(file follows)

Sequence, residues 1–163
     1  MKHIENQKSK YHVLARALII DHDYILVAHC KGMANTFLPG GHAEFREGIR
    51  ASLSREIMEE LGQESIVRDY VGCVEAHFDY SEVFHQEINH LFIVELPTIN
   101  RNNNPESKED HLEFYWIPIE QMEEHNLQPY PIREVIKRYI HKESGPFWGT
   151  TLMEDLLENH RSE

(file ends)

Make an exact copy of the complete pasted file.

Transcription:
Sequence, residues 1–163
     1  MKHIENQKSK YHVLARALII DHDYILVAHC KGMANTFLPG GHAEFREGIR
    51  ASLSREIMEE LGQESIVRDY VGCVEAHFDY SEVFHQEINH LFIVELPTIN
   101  RNNNPESKED HLEFYWIPIE QMEEHNLQPY PIREVIKRYI HKESGPFWGT
   151  TLMEDLLENH RSE